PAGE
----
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Anne Frank: The Diary of a Young Girl Hardcover – Apr 1978


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Product details

  • Hardcover
  • Publisher: Random House Childrens Books; Reissue edition (April 1978)
  • Language: English
  • ISBN-10: 0679601244
  • ISBN-13: 978-0679601241
  • Product Dimensions: 1.9 x 12.7 x 19 cm
  • Average Customer Review: 4.8 out of 5 stars  See all reviews (372 customer reviews)

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Review

"The new edition reveals a new depth to Anne's dreams, irritations, hardship, and passions...There may be no better way to commemorate the fiftieth anniversary of the end of World War II than to reread The Diary of a Young Girl", " a testament to an indestructivle nobility of spirit in the face of pure evil."--"Chicago Tribune""From the Paperback edition." --This text refers to the Paperback edition.

About the Author

Anne Frank was born on 12 June 1929. She died in Bergen-Belsen, three months short of her sixteenth birthday. --This text refers to the Paperback edition.

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Customer Reviews

4.8 out of 5 stars

Most Helpful Customer Reviews

126 of 130 people found the following review helpful By K. Malone on 24 July 2003
Format: Paperback
I first read the original translation 20 years ago and was very moved, though reading it now I can see that the language has been tidied up and often sounds far too adult for a teenager.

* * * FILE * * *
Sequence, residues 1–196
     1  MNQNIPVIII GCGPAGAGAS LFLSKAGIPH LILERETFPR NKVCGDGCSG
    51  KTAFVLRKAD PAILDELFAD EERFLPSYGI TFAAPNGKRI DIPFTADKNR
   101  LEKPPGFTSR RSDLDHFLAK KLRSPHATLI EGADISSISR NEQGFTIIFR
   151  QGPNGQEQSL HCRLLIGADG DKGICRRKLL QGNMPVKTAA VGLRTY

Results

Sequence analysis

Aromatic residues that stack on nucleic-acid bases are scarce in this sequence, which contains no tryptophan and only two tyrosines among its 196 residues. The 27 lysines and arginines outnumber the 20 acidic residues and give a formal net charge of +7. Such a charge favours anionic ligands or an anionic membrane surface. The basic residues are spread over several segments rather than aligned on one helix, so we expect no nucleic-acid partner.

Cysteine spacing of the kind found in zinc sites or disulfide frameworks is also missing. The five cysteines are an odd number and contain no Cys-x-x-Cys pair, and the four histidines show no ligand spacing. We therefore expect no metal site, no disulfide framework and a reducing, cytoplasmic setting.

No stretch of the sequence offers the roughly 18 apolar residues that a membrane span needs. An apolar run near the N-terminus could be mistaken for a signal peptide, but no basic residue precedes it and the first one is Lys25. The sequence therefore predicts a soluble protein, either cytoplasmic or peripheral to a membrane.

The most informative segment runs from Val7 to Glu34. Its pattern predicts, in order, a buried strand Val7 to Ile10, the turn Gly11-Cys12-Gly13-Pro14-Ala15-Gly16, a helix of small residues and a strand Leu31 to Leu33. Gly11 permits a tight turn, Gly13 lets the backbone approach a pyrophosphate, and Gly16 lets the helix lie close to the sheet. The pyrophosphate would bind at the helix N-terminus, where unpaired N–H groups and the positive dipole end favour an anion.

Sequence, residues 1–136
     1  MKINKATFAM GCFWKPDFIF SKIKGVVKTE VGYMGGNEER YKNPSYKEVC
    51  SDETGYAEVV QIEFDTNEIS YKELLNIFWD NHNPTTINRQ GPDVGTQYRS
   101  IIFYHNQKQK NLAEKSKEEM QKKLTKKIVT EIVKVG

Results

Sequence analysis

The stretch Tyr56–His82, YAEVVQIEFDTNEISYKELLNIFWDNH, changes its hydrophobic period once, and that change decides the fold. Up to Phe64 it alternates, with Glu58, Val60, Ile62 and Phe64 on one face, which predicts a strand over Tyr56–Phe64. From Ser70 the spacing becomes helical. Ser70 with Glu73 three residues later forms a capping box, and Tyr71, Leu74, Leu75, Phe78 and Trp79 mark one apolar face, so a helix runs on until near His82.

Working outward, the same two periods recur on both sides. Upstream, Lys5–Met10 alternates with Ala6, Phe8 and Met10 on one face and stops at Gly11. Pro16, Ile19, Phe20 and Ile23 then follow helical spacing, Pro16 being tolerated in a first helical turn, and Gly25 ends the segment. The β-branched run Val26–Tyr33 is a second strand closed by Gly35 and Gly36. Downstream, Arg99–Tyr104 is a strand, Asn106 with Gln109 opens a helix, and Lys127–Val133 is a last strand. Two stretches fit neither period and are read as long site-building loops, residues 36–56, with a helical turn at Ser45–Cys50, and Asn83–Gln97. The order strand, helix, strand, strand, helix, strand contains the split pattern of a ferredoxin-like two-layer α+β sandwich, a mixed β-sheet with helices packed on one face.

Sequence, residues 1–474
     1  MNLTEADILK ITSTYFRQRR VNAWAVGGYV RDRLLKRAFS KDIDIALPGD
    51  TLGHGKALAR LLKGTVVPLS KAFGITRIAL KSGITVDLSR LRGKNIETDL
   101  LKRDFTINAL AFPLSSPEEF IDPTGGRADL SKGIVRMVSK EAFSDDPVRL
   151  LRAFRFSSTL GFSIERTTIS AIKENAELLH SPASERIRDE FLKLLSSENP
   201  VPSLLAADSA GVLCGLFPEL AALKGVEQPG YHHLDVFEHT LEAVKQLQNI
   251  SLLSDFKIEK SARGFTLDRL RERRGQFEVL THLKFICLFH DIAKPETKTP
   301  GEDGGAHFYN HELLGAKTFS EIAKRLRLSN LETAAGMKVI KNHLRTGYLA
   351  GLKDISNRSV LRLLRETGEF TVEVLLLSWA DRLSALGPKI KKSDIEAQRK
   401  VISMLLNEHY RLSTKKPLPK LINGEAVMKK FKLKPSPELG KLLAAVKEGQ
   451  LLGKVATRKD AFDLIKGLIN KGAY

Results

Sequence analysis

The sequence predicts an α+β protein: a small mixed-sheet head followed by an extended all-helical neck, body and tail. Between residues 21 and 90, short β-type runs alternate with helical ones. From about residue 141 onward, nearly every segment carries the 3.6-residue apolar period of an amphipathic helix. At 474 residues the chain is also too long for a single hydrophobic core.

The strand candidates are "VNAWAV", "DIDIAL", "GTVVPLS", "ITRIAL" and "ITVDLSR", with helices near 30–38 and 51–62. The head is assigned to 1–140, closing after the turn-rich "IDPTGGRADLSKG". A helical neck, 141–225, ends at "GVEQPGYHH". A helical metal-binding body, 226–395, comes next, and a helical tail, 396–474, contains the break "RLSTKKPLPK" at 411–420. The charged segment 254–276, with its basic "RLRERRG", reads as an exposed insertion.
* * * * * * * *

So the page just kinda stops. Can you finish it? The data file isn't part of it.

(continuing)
This 'Definitive Edition' is excellent in some ways because it contains a lot of material which wasn't included before but the new translation reads too much like an American high school student (eg lots of references to 'candy' 'fifth grade' 'report card' 'smart' 'goof'). It gives the impression of a poor, victimised American girl, whereas Anne Frank was European, in fact German (not Dutch!). I believe Anne Frank learnt British English, (her father was a great Dickens fan) so a lot of these terms would be completely alien to her. And historically speaking a translation into British English would be more fitting, because it is, like Anne, European.
Let North America have this translation, but will we ever get a translation for the non-American market instead of having an American take on everything foisted on us?
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77 of 80 people found the following review helpful By DoraLyn on 11 Jan 2009
Format: Paperback
Since a young age I had known about Anne Frank, from her diary, hiding in the "Secret Annexe" in Amsterdam during the Second World War, and ultimately her tragic death at Bergen-Belsen concentration camp. But until recently I had not read the diary. I had been read extracts from it but never picked it up and read it from beginning to end. If I try to think of reason behind why it took me so long, I fail to think of one.

I started reading on Tuesday and quickly found myself in a state of being half surprised. Growing up, though knowing it was non-fiction, and had actually happened, I only ever really read fictional books so a part of me imagined reading the Diary would just feel like reading a rather realistic fiction. What took me (oddly) by surprise is how aware I was of the fact that it is a Diary. It wasn't at all like the `realistic fiction' I imagined when I was younger. This I discovered quickly, and thus made me hang on every word.

Another thing I noticed early on was Anne's sense of humour, which I didn't expect. There were entries that not only made me smile, but if I was with someone, they'd notice I was somewhat amused, and I would then read them what I found funny.

"I was being discussed and they decided that I'm not completely stupid after all." - 21st September, 1942.